In that way, the organization's ability to launch missiles at Tel Aviv and southward was neutralized. The strategic intelligence also enabled the Air Force to destroy Hezbollah infrastructure in bunkers, communications bases, command centers, foremost among them the central headquarters in Beirut's Dahiya neighborhood.

The intelligence achievements on the strategic level are further highlighted against the backdrop of the many difficulties encountered by the intelligence gathering units (units of Military Intelligence and the Mossad, which are in charge of "humint," running agents, and of unit 8200, which is in charge of "sigint," gathering information by monitoring communications and analyzing them).

The report stated: "The departure from Lebanon moved the intelligence agency's abilities to gather relevant information about Hezbollah further away." This difficulty was compounded in the wake of additional important obstacles, notable budgetary cuts, "even though Hezbollah remained, in the years prior to the war, an important target for intelligence gathering," the result [of the budget priorities - Y.M.] was that the up-to-date intelligence assessment of Hezbollah was presented as lacking, even when the assessment of military intelligence was that the chances of a confrontation were growing, there was no substantial change in the intelligence gathering effort or its results."

The information did not sink in

Alongside the achievements on the operative-strategic level, the report also indicates shortcomings and failures. These occurred in two areas. One is in "absorbing the intelligence and developing it jointly," referring to the transfer of the information from Military Intelligence units and the Mossad to the military and political consumers. But most of the criticism related to the fact that the intelligence did not reach the ground forces in the field.

The report states that the inculcation of the intelligence on the strategic level (into the General Staff and the political leadership) was as a whole not bad: "Military Intelligence saw fit to establish a fitting and continuous dialogue with its senior political and military users." Conveying the intelligence information on the operative level was also reasonable. The intention is the transfer of the information and the contact between Military Intelligence and intelligence officers in the Northern Command, the Air Force and the Operations branch. This, the report stated, "had positive ramifications on the understanding of the enemy as an organized military guerilla force," and this understanding led to the creation of "shared understandings about the essence of the conflict between Israel and Hezbollah, the limitations of the use of weapons during the war and of the necessity of also relying on ground maneuvers." In other words, Military Intelligence relayed to all the relevant parties its assessment that the Air Force alone could not defeat Hezbollah and that it would be necessary to use ground forces, primarily against the short-range rockets (Katyushas).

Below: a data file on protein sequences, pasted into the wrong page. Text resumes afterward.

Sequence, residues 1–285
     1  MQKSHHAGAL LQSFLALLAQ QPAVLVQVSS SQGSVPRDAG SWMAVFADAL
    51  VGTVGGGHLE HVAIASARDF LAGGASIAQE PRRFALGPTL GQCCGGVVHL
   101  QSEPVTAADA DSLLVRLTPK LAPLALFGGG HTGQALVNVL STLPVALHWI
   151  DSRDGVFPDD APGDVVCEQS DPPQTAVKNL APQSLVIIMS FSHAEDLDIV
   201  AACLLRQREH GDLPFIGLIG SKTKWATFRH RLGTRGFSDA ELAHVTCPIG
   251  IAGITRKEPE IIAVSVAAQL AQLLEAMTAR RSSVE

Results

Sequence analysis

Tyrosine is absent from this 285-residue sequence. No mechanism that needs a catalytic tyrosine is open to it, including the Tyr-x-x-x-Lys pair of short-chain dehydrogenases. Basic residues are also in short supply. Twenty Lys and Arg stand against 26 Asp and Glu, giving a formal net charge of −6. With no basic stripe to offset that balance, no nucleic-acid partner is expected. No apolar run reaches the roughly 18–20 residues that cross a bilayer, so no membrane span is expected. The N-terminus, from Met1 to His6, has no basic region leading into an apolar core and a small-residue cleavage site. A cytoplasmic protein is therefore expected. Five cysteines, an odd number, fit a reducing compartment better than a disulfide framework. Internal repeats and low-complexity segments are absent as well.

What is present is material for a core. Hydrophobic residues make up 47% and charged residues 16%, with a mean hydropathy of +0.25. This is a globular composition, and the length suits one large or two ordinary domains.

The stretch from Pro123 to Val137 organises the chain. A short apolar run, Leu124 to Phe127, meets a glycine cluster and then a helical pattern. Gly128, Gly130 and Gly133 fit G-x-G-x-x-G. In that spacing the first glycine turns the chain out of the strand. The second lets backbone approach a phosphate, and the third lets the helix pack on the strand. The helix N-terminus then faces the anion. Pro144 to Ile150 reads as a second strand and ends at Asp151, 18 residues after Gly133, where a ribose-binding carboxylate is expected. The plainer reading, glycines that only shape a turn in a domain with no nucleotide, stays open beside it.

Based on military intelligence information, two models of "nature reserves," the term used to refer to areas of dense vegetation where Hezbollah set up bunkers and from where it fired Katyushas, were set up in the Elyakim army base in the Menashe mountains.

Ze'evi-Farkash told Haaretz that he attended the ribbon-cutting ceremony when the facilities were inaugurated together with the OC Northern Command. These facilities were intended for use in training regular and reserve army units in order to practice in situations, which eventually they encountered during the war. However, the units did not train due to budget constraints and the General Staff and the political leadership's working assumption was that the war against Hezbollah would break out only at Israel's initiative.

Most of the criticism relates to incorporating the information on the tactical level. "The intelligence provided to the Air Force as a rule met the rules for doing so for operational purposes," the committee members wrote, but "the situation regarding the ground forces was marked more by missing things and gaps." And a footnote states in unequivocal language: "It may be said that the intelligence did not reach the forces."

Why did this happen? First, as the committee states, "Military Intelligence cannot make do with distributing notices and most methodically engage in instilling the intelligence." And it continues: "There was a conspicuous absence of supervision and monitoring by the Military Intelligence command of what was going on in the tactical field intelligence network."

However, it should be recalled that following the organizational reform of Malka, the chief intelligence officer, responsibility for field intelligence was transfered from the Military Intelligence branch to the Ground Forces command. "The chief intelligence headquarters in the Ground Forces command, which is responsible for spreading awareness of the enemy among the forces did not fulfill its missions," the report stresses.

But above all this, on the tactical level there stands the failure of the Northern Command. This failure was apparent in the fact that right under its nose, Hezbollah set up a fortified network and prepared in the area between the Zaharani River and the border positions for launching Katyushas. In order to obtain information about them, the commanders of the Northern Command and its intelligence officers should have demanded that the Air Force launch reconnaissance missions, set up observation posts and increase the patrols along the border. The Northern Command people did not do so and thereby failed in their mission.